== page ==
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ICO issues TalkTalk monetary penalty notice for £100,000

Published on 18 December 2017

On 7 August 2017, the Information Commissioner’s Office fined TalkTalk £100,000 after an investigation found that it had failed to take adequate security measures to protect customer data from unauthorised access via web-based portal.

The facts

 In 2004, TalkTalk provided Wipro Limited (Wipro), a multinational IT services company that  resolved network issues on Talk Talk’s behalf, with access to a portal that contained the  personal information of between 25,000 and 50,000 customers. According to the  investigation, in 2014, certain employees of Wipro used the portal to gain unauthorised access  to customer data which included names, addresses and phone numbers.

 The decision

 The ICO’s investigation found that TalkTalk had failed to take due regard to: 

  • The state of technological development 
  • The cost of implementing any measures 
  • The nature of the customer data, and 
  • The harm that might result from its misuse. 

TalkTalk had therefore contravened the seventh principle of the DPA, by not ensuring that  appropriate technical and organisational measures had been taken to protect against  unauthorised or unlawful processing of personal data and against accidental loss or  destruction of, or damage to, personal data. The ICO found that TalkTalk had:

  • Provided 40 Wipro employees with access to the customer data without any controls in  place to either limit access to the customers themselves or to just the fields that were  actually required for Ofcom reporting 
  • Enabled Wipro employees to enable access to the portal from any internet-enabled device  rather than just to devices linked to Wipro, and 
  • Enabled Wipro employees to make “wildcard” searches, view large numbers of customer  records at any one time and to bulk download data (although there was no evidence that  this had occurred). There was no adequate justification for those capabilities.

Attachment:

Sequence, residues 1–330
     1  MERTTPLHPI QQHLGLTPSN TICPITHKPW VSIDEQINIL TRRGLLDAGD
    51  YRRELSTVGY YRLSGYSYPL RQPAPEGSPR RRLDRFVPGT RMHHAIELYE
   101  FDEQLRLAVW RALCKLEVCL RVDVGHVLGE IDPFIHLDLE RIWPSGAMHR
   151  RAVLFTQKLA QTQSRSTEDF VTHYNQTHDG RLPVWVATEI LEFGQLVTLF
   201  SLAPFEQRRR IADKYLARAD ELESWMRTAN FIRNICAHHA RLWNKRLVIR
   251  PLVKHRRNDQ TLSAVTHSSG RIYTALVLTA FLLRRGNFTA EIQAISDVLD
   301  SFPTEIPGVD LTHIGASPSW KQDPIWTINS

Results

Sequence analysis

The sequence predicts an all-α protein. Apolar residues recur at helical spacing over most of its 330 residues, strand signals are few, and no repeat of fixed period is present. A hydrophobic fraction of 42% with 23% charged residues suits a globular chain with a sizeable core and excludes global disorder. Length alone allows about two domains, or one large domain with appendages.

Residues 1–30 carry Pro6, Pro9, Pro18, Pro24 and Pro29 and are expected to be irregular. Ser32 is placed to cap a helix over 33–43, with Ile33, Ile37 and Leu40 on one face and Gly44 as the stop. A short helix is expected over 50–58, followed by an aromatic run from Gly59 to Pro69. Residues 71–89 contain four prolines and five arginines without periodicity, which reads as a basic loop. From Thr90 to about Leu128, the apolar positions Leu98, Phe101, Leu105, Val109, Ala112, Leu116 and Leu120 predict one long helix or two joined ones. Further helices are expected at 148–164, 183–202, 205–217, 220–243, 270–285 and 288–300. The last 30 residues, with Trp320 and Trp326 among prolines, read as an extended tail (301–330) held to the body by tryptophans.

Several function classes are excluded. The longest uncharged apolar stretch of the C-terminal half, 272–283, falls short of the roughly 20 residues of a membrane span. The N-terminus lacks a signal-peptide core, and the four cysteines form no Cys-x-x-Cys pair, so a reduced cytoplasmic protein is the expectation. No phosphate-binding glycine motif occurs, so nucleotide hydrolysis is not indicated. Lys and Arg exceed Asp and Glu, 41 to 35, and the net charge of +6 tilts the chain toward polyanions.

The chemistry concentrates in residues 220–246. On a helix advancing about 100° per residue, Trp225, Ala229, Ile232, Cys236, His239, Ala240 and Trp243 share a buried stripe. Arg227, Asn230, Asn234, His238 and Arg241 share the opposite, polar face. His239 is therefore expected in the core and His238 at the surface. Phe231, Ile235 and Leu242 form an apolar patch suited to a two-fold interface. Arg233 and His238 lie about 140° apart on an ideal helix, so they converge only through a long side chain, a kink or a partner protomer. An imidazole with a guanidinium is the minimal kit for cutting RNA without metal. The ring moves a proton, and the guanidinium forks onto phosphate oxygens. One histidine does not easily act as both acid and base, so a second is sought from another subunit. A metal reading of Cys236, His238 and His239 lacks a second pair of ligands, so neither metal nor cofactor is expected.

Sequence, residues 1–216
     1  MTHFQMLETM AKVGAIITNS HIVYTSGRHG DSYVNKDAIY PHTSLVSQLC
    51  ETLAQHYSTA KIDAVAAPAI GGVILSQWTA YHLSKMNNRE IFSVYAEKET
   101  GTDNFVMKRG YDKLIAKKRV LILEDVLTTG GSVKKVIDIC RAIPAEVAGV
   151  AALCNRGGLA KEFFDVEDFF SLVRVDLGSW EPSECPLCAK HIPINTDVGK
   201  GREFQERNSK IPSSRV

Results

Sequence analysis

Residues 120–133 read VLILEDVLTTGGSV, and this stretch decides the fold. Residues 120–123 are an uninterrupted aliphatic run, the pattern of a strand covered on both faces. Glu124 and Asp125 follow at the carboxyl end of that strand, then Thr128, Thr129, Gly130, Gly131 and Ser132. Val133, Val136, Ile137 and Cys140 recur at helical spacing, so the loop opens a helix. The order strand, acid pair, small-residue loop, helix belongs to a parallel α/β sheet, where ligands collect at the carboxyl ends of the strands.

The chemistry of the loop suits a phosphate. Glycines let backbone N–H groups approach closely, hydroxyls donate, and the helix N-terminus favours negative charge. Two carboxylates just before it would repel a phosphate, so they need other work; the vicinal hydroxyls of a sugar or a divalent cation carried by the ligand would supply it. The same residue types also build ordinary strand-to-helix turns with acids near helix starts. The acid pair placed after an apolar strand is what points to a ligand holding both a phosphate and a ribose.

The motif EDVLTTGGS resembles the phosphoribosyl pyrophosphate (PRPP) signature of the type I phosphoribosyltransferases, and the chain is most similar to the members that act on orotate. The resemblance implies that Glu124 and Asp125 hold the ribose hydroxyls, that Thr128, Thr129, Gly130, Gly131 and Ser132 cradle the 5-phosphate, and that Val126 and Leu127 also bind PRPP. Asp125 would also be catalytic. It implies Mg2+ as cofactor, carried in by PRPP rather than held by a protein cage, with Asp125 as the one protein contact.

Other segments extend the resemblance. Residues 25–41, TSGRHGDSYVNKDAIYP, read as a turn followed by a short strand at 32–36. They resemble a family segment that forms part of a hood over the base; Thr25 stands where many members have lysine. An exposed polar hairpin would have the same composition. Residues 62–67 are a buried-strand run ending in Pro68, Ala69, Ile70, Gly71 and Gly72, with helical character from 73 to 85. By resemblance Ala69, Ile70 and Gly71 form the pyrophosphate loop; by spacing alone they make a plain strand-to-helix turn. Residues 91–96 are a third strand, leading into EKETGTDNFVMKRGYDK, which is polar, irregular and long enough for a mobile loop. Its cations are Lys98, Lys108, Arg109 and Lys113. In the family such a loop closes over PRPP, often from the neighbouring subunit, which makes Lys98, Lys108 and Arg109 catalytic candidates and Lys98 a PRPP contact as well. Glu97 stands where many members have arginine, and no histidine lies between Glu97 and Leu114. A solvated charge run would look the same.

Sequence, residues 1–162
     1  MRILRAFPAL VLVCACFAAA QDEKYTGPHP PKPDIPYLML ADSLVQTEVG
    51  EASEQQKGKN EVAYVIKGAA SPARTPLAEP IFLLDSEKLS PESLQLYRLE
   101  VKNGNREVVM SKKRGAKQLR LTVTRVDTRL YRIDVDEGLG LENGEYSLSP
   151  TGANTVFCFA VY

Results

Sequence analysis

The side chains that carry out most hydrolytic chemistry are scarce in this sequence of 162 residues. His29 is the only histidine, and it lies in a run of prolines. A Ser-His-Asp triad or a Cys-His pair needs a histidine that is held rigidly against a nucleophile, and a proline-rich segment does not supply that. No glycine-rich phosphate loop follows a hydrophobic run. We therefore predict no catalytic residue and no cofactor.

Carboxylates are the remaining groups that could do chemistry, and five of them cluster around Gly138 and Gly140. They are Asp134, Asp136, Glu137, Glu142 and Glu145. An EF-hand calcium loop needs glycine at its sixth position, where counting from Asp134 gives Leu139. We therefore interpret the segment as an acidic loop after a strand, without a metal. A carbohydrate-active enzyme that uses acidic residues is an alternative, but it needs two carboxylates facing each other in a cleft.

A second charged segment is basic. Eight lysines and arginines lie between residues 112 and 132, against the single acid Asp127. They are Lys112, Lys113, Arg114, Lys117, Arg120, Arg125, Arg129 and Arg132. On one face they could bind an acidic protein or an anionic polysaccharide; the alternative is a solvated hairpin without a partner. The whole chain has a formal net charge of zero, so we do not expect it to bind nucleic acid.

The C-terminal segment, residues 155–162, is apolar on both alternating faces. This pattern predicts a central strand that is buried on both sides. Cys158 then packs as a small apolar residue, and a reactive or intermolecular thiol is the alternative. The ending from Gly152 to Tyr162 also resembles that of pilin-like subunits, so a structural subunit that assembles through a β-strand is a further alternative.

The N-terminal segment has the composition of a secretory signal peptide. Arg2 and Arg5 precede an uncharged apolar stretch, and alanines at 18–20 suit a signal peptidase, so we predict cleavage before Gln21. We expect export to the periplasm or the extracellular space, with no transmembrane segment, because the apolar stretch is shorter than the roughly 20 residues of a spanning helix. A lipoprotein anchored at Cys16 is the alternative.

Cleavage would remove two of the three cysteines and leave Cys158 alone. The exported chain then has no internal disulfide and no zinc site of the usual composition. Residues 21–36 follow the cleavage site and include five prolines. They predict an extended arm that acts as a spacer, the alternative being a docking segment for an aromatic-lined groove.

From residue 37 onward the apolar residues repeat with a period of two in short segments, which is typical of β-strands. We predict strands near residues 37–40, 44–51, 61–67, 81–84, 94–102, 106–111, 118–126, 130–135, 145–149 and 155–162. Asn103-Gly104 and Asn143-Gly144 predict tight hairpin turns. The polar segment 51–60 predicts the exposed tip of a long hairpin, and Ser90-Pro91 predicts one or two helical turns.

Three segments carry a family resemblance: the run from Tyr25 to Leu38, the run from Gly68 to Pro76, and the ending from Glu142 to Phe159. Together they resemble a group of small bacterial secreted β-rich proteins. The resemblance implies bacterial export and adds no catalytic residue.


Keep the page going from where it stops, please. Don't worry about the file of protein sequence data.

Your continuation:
The ICO considered that TalkTalk’s contravention comprised of a number of serious and  material inadequacies and that those inadequacies were systematic (from 2004 until 2014).  The ICO further said that TalkTalk ought to have been aware that a contravention would have  occurred; that it had failed to prevent this and that any such contravention was likely to cause  substantial damage and distress. In the light of this and the importance of deterring future  contraventions by TalkTalk and others, the ICO issued the monetary penalty under s55A of  the DPA. 

Why is this important?

It’s likely that data protection compliance was not at the front of mind of those negotiating the  original Wipro deal. After all, this was back in 2004. But the fine highlights just how alive  businesses (and lawyers) need to be to data regulation when outsourcing services to third  parties. It goes without saying that the stakes get much higher when the General Data  Protection Regulation (GDPR) comes into force, especially with the increased fining powers  for regulators.